There's much more to say on this, but I need to get a couple more hours of sleep. I have tried to leave links to relevant discussions at Jimbo's talk page, but have only provided a partial synthesis of the situation, not even contrasting the complete lack of an FoF on Arzel, for instance, with the response provided to me on the PD talk page shortly after the case was officially closed yesterday.

If this statement settles some of the concerns regarding my intentions, and the severity of the infractions thereby diminished, I would appreciate a reduction of the length of the block to facilitate my engaging in the necessary efforts to conduct the appeal without having to exclusively rely on the email system. --Ubikwit 連絡 見学/迷惑 05:08, 6 September 2013 (UTC)

One relevant exchange from the PD talk page (where I ask AGK if he is an undergraduate studying law...)[edit]

This passage starts with AGK's semi-response to my queries by stating that he had replied in private to NYB. Let me reiterate that he refused to offer a substantial response until it was too late to have a bearing on the outcome of the case. Others will have to determine for themselves whether I am justifiably indignant insofar as the timing and content of that reply can be seen to represent a blatant violation of what should be open proceedings, etc., on the one hand, and the misapplication of policy on the other. At any rate, issues related to that are what I have attempted to broach in terms of the opaqueness of his intent , etc., in messages on his talk page.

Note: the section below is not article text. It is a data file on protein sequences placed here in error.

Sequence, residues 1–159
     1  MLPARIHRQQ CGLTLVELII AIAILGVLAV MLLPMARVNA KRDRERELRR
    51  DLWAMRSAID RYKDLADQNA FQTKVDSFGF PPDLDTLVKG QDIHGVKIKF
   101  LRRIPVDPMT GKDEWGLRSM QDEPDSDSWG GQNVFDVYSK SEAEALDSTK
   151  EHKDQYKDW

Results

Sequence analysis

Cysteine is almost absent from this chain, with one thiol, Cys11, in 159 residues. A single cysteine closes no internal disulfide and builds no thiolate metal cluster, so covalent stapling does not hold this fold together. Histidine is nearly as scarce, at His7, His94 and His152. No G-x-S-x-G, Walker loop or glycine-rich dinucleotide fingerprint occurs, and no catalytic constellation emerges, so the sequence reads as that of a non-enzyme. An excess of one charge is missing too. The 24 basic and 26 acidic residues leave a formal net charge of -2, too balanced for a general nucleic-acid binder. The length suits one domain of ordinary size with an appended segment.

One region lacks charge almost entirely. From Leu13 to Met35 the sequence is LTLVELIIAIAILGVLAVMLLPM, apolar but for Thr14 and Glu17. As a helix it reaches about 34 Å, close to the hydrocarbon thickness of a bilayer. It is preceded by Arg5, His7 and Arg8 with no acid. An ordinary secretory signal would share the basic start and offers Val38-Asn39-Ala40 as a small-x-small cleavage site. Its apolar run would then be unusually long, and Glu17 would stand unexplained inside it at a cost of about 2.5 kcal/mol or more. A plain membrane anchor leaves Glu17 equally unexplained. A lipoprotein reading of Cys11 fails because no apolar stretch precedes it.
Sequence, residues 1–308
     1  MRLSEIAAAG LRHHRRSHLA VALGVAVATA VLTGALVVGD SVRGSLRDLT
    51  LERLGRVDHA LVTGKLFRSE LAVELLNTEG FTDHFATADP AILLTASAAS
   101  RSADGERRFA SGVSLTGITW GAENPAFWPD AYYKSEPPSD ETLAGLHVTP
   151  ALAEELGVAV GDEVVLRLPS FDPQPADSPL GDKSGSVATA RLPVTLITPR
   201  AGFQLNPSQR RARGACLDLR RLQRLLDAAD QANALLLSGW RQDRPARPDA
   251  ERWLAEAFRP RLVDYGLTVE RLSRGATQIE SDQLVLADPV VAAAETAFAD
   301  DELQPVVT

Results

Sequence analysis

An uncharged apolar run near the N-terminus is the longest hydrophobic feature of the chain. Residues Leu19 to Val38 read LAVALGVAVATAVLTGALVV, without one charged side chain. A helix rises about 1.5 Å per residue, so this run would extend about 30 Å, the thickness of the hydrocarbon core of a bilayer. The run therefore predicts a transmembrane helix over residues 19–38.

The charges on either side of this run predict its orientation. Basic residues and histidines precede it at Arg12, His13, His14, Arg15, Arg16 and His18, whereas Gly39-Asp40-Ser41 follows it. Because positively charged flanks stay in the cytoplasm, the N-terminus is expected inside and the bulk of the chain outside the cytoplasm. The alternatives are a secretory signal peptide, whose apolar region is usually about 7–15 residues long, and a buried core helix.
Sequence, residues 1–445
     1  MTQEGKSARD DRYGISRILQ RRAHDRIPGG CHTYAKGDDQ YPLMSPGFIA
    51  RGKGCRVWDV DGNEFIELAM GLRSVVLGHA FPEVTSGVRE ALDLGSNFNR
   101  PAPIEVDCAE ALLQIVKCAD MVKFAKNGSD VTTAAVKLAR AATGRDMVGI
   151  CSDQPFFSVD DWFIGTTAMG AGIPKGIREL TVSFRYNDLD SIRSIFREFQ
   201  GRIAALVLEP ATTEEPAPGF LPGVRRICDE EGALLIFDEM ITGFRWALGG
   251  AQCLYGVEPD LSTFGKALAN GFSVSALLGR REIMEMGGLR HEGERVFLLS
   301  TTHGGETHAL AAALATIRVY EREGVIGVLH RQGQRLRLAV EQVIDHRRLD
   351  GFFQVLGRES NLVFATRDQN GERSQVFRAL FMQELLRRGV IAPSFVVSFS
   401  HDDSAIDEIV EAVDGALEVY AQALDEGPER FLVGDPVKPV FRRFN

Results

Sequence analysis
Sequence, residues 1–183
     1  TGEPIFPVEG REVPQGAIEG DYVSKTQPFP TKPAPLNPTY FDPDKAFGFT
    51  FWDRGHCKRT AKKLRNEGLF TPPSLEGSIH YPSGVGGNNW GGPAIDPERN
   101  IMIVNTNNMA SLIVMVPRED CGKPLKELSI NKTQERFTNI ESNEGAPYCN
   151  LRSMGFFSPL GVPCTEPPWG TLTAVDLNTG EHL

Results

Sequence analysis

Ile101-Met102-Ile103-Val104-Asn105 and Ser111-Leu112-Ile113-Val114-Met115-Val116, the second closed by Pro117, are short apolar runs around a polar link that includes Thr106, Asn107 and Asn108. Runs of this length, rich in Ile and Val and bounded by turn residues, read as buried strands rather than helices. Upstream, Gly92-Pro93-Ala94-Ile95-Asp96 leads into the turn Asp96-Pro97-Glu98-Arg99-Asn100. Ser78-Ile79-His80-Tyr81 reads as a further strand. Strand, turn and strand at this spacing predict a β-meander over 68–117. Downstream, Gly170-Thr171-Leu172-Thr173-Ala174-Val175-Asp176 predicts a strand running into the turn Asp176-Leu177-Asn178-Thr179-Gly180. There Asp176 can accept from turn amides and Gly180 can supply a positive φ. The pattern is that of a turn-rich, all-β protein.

Note that AGK made no response or comment in relation to my query regarding his study of the law an his status as an undergraduate made below on September 2. Not only didn't he even bother to respond, no one appears to have considered it to represent "outing" at that time. Also note that I first raised my concerns regarding WP:COMPETENCE below in this context.

I did respond privately to Newyorkbrad, as I am sure he can verify if you wish to ask him.

AGK [•] 11:17, 2 September 2013 (UTC)

Well, that's good to know, but he asked you to respond here, and I thought these were open proceedings.

It is one thing for you to make an FoF alleging poor decorum, which could admit of a degree of subjective, impression-based judgment, but it is quite another for you to make an allegation that I "ignored sound arguments about article content ".

I understand that you are an undergraduate studying law, correct? Well, if this were a court of law, your allegation would require evidence, evidence of the sort of which you have provided only in error, based on a comment of which you misconstrued the meaning in a discussion the context of which you apparently failed to comprehend. But this was pointed out above more than a week ago, followed by the comment by NYB, and the "private" reply.

The above-described allegation is a false allegation, and I repeat, you have produced nothing to substantiate such a claim (at least publicly), which amounts to a prejudicial allegation made on the basis of refuted evidence.

Lastly, in your reply above to Snowed, you comment that the relevant issue is whether or not any of the allegations are incorrect, but you have failed to respond to a challenge to the facticity of an FoF against me that was raised in similar terms. There is a bit of confusion, perhaps, in that I referred to the "conduct" based rationale used for your finding, accusing me of deliberately ignoring sound arguments.

If this were a WP:COMPETENCE issue, I suppose that there would have to be a policy on arbitrators drafting FoFs (is there?) against which I could challenge your FoF and thus your competence to serve as an arbitrator. That is a harsh charge to make against you, but arbitration is not supposed to be an arbitrary process.